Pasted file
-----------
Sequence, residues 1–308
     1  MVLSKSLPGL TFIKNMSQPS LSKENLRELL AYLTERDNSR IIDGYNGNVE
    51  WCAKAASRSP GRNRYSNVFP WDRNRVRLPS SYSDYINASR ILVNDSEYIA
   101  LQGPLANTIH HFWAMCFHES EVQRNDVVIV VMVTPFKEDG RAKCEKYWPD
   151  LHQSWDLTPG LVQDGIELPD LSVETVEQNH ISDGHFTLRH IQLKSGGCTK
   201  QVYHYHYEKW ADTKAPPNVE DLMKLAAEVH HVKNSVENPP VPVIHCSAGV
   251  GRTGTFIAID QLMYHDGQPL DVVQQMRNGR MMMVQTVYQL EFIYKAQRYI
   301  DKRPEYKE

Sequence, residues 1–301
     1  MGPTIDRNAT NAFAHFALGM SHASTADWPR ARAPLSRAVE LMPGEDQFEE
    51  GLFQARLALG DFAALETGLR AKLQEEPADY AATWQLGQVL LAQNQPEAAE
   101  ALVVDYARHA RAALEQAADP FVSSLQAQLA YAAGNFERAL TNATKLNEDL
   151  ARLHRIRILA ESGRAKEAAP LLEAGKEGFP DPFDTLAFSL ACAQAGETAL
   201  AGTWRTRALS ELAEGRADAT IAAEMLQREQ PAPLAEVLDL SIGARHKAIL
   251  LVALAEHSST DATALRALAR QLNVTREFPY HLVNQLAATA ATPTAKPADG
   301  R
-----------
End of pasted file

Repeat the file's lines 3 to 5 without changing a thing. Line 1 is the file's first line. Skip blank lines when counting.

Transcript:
    51  WCAKAASRSP GRNRYSNVFP WDRNRVRLPS SYSDYINASR ILVNDSEYIA
   101  LQGPLANTIH HFWAMCFHES EVQRNDVVIV VMVTPFKEDG RAKCEKYWPD
   151  LHQSWDLTPG LVQDGIELPD LSVETVEQNH ISDGHFTLRH IQLKSGGCTK